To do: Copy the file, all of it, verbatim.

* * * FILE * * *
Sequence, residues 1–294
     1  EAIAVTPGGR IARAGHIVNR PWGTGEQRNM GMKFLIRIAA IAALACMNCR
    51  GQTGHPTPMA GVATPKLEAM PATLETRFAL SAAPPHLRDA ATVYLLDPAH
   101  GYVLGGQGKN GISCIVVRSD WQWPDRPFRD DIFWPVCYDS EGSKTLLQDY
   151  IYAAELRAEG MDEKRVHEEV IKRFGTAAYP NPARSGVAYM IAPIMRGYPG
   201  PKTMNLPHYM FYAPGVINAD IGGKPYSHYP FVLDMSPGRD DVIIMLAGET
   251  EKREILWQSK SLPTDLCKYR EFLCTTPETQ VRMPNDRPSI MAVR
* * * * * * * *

Sequence, residues 1–294
     1  EAIAVTPGGR IARAGHIVNR PWGTGEQRNM GMKFLIRIAA IAALACMNCR
    51  GQTGHPTPMA GVATPKLEAM PATLETRFAL SAAPPHLRDA ATVYLLDPAH
   101  GYVLGGQGKN GISCIVVRSD WQWPDRPFRD DIFWPVCYDS EGSKTLLQDY
   151  IYAAELRAEG MDEKRVHEEV IKRFGTAAYP NPARSGVAYM IAPIMRGYPG
   201  PKTMNLPHYM FYAPGVINAD IGGKPYSHYP FVLDMSPGRD DVIIMLAGET
   251  EKREILWQSK SLPTDLCKYR EFLCTTPETQ VRMPNDRPSI MAVR